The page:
February saw the state crackdown on protests by fuel traders in Sistan and Baluchestan that started in Saravan, southeastern Iran.
The protests erupted on February 22 when Baluch fuel carriers gathered near an Islamic Revolutionary Guards Corps (IRGC) base on the border in Saravan to protest the border closure. The Guards, who had dug large holes on the border to prevent fuel carriers from passing, gunned down the protesters, killing and wounding dozens of people.
The regime shut down or disrupted internet connections on February 24 to quell the Sistan and Baluchestan protests. However, sporadic clashes and other forms of protest continued for a week and spread to several other cities in the province including in the provincial capital, Zahedan.
At least 40 fuel traders were reported killed and 100 injured. Among those killed was a 16-year-old boy identified as Hassan Mohammadzehi.
In a statement released on March 2, Amnesty International called for an independent inquiry into the killing of Baluch fuel traders.
Amnesty International said: “By opening fire on a group of unarmed people, Iranian security forces have displayed a callous disregard for human life. There must be urgent, independent criminal investigations into these unlawful killings, in line with international law and standards. Anyone against whom there is sufficient admissible evidence must be prosecuted in a fair trial, without resorting to the death penalty.”
February was also marked by developments in Iran’s prisons, executions, and examples of violations of citizens’ rights to freedom of expression.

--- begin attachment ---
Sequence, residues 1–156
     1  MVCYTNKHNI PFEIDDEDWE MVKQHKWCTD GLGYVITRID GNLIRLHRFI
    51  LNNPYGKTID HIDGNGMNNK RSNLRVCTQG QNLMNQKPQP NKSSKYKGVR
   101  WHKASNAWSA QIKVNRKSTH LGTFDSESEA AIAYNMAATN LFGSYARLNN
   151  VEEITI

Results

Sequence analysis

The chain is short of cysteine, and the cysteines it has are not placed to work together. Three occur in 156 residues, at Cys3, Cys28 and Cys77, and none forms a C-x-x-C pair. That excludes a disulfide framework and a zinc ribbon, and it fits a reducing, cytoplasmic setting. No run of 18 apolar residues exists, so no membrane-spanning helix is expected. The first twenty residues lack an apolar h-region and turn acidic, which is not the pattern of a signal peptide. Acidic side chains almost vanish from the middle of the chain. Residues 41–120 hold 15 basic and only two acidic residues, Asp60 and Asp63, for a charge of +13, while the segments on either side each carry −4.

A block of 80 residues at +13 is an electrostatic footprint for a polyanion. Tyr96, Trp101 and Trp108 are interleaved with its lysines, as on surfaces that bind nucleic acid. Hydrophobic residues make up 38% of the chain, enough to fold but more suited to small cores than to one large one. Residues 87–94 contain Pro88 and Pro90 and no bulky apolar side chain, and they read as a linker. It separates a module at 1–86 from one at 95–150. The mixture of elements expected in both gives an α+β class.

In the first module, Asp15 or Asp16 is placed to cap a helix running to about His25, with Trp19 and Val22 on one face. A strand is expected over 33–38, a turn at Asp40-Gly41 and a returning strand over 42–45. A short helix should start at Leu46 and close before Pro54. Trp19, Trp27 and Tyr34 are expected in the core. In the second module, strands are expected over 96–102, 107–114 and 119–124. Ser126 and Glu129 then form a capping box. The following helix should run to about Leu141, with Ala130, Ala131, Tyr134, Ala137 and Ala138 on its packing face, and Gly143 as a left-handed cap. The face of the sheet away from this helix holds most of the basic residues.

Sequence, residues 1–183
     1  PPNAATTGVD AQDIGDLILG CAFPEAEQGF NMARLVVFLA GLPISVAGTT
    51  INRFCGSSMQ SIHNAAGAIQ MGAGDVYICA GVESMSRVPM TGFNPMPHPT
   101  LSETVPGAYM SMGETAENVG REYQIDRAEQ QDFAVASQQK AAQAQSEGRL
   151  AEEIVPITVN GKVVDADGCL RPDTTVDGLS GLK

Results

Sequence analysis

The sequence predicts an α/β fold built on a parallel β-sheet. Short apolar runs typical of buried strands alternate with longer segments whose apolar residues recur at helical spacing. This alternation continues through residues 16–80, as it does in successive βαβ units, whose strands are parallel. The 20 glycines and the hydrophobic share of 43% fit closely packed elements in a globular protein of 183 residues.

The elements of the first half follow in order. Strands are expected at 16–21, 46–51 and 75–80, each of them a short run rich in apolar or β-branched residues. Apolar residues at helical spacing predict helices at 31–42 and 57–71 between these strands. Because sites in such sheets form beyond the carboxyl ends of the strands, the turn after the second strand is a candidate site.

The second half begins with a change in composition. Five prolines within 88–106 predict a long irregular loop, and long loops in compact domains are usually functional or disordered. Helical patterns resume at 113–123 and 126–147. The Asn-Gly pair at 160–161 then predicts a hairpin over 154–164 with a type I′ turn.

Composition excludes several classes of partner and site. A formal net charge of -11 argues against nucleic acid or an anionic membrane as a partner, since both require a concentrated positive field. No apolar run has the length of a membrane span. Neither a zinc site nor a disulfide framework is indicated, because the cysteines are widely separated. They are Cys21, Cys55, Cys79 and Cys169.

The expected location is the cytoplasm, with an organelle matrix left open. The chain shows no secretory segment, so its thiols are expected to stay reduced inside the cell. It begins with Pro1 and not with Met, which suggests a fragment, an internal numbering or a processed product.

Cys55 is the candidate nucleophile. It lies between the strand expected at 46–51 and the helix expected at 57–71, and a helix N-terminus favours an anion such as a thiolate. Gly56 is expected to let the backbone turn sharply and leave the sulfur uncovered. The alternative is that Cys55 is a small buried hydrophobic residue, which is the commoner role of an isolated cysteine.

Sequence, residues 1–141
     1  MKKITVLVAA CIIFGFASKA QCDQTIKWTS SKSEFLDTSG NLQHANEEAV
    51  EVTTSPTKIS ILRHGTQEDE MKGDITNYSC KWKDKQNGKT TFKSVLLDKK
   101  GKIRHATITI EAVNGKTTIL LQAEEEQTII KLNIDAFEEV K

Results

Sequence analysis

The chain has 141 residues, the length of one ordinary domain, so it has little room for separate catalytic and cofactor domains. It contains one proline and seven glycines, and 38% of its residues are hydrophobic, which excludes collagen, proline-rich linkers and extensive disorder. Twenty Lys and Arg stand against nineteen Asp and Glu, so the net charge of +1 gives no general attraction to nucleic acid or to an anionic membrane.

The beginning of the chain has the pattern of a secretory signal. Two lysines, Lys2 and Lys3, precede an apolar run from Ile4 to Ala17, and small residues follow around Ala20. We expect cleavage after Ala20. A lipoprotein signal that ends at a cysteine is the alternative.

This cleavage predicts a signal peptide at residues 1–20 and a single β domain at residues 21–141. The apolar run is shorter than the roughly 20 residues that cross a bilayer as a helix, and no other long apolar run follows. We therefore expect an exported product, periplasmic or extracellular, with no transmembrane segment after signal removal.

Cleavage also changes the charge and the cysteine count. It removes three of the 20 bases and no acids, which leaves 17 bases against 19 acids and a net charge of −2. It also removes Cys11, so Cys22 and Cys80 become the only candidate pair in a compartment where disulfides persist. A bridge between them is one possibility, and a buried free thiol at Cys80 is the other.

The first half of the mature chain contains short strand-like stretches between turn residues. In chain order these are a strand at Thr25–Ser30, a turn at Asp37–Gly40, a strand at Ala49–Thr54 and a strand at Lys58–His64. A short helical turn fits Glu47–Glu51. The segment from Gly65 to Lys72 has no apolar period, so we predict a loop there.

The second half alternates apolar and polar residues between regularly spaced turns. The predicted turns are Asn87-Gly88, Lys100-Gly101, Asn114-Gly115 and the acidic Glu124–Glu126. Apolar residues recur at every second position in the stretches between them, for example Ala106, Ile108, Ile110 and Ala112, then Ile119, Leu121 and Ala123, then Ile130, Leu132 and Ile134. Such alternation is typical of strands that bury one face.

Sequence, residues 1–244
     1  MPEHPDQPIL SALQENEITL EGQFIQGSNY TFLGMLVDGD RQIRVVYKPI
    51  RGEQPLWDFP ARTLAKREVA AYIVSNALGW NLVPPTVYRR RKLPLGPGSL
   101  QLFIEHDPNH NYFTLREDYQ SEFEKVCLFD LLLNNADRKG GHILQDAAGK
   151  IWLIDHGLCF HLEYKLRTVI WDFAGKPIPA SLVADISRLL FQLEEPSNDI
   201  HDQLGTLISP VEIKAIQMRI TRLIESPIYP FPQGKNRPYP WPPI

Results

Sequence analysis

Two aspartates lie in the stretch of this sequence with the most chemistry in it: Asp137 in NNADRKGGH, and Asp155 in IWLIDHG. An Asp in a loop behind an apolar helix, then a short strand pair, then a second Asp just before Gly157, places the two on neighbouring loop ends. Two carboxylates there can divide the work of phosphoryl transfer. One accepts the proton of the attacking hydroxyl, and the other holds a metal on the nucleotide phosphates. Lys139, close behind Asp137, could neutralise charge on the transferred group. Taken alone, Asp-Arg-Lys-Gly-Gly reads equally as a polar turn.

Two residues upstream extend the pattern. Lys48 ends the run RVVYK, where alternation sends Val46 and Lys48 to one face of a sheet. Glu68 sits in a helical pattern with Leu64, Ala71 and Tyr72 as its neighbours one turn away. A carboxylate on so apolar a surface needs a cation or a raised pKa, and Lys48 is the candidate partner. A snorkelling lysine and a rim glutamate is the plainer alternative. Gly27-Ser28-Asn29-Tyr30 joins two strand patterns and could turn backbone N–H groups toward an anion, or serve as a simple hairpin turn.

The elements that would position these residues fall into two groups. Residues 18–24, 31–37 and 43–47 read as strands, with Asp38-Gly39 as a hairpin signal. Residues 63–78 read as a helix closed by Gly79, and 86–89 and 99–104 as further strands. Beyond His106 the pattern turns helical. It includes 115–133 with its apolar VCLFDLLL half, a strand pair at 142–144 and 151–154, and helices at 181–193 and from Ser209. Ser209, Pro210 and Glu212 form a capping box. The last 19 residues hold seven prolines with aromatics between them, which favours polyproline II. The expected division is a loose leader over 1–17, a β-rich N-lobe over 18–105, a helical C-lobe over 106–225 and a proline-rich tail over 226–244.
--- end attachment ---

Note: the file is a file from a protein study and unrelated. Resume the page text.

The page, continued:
What follows is an overview of the human rights situation in Iran in February 2020, compiled by Iran Human Rights Monitor.
At least 34 executions were carried out in February. At least four prisoners were executed for politically motivated charges. There is also a woman among those executed.
Zahra Esma’ili’s lawyer, Omid Moradi announced that prison authorities in Iran hanged the lifeless body of his client who had a fatal heart failure before being executed.
“Today, I saw the death certificate of Zahra Esma’ili. The reason written for her death was heart failure,” Omid Moradi tweeted on February 19, 2021.
According to her lawyer, she saw 16 prisoners hanged before her eyes. So, she had a heart attack before being taken to the gallows. Nevertheless, prison guards hanged her lifeless body.
Zahra Esma’ili was an innocent woman. She claimed responsibility for the murder of her husband to save her teenage daughter who had shot him in the head.
Alireza Zamani was a managing director at the mullahs’ Ministry of Intelligence. He routinely mistreated and battered his wife and children.
Iran is the world’s top executioner of women and has the highest rate of per capita executions.
In yet another case on February 28 four Arab Ahvazi political prisoners were executed in the Ahvaz Sepidar prison, southwestern Iran.
The four men were identified as Jasem Heidari, Ali Khosraji, Hossein Silavi, and Naser Khafajin. Although all four were executed minutes after their last family visit, prison authorities had not informed their families beforehand of the execution, and they were informed by the prisoners themselves.
The political prisoners had gone on hunger strike on January 25 to protest a ban forbidding them from seeing their family and ill-treatment by prison authorities.
Amnesty International had expressed concern on the whereabouts of these prisoners in early February.
Last month, one of the most shocking cases of basic rights violations of prisoners was the suspicious death of a prisoner of conscience.
Behnam Mahjoubi, a detained Gonabadi Dervish, passed away on February 21, in a Tehran hospital days after being given an excessive amount of unknown medication in prison. He was transferred to Loghman Hospital on February 12 from the notorious Evin Prison. A source close to the family said before this that Behnam Mahjoubi was taken to the prison infirmary on February 12 and was given “sleeping pills” because there was no doctor on shift. His health deteriorated after taking the pills and he went into a coma.